In that context, FAIR’s superficial assumption plays right into the Islamists’ hands. Is there anything they’d like better than for an attack on them to be perceived by all Muslims as an attack on them?
If you parse the available evidence, I think it’s nearly indisputable that the cartoon’s target was the terrorists. Here it is:
* The cartoon pictures a skeleton in a Nazi uniform bearing the names of ISIS, Boko Haram and other groups. The message is that those groups pose a genocidal threat akin to the one posed by the Nazis. They surely do. And what purpose could there be in including the names if that was not the point? None, I think. Nor would we have published the cartoon without them.
* The cartoon also shows the skeleton shouting “Allah Akbar.” Yes, this is an expression of faith employed throughout Islam. But one sad consequence of the extremists’ actions is that the term has been hijacked. Much of the non-Muslim public now identifies those words as a defiant declaration of faith uttered by terrorists before blowing themselves up. We’ve seen this over and over again. This may be uncomfortable, and it surely is a perversion, but it is also fact. So is the cartoonist who is trying to effective by playing into his readers’ frame of reference really out of bounds in using the image to convey a point about Islamist extremism? I think not. If some people are offended, their anger should be directed at the terrorists who’ve corrupted the words, not at those who criticize them. It was a sharply targeted cartoon utterly unlike Charlie Hebdo’s gratuitous attacks on Islam generally.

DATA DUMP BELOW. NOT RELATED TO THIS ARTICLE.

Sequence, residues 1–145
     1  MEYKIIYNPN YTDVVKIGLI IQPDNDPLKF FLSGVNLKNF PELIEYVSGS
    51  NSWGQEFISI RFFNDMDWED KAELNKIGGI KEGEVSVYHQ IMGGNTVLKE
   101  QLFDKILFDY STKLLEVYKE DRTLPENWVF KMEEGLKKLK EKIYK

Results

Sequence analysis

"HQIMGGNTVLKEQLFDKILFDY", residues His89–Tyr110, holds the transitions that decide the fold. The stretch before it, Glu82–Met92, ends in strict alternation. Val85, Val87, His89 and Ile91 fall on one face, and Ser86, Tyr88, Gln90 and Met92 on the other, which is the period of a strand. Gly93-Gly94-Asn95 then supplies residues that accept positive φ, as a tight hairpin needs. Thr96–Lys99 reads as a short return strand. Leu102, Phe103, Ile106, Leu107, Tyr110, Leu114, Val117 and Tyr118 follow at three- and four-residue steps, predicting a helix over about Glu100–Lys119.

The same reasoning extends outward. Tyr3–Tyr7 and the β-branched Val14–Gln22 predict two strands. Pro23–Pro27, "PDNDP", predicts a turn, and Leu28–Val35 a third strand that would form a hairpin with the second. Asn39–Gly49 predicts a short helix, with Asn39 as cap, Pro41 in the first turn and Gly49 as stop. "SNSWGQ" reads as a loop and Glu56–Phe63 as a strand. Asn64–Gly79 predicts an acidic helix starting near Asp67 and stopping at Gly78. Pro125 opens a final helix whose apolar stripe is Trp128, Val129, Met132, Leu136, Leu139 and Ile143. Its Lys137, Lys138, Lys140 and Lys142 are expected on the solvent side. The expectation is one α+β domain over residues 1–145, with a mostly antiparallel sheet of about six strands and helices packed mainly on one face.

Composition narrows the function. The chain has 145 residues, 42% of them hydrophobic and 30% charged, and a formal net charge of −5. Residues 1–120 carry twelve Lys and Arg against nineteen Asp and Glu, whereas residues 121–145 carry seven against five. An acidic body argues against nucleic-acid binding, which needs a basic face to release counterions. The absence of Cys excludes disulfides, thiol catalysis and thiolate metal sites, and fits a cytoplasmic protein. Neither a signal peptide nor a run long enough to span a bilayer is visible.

* An additional line of criticism is that by publishing a cartoon of this nature, we’re making a joke. I get that one. I’ve seen it before on unrelated subjects. But it is rooted in a misunderstanding of what editorials cartoons are. While they frequently employ humor to make a point, getting laughs is not their purpose. Witness the somber or inspirational editorial cartoons that typically appear after tragedies like 9/11, or look at the nature of the content that surrounds them on editorial pages. They are not comic books or comic strips. Rather, their goal is to provoke thought, sometimes by making people uncomfortable.
Another measure of a cartoon is the spontaneous reaction it evokes from readers. This one didn’t draw much–three critical letters, three complimentary letters and one making a tangential point. I’m excluding the FAIR-driven letters, as we always do with letter-writing campaigns, because they are repetition of a single opinion exposed by the organization driving the letter-writing campaign.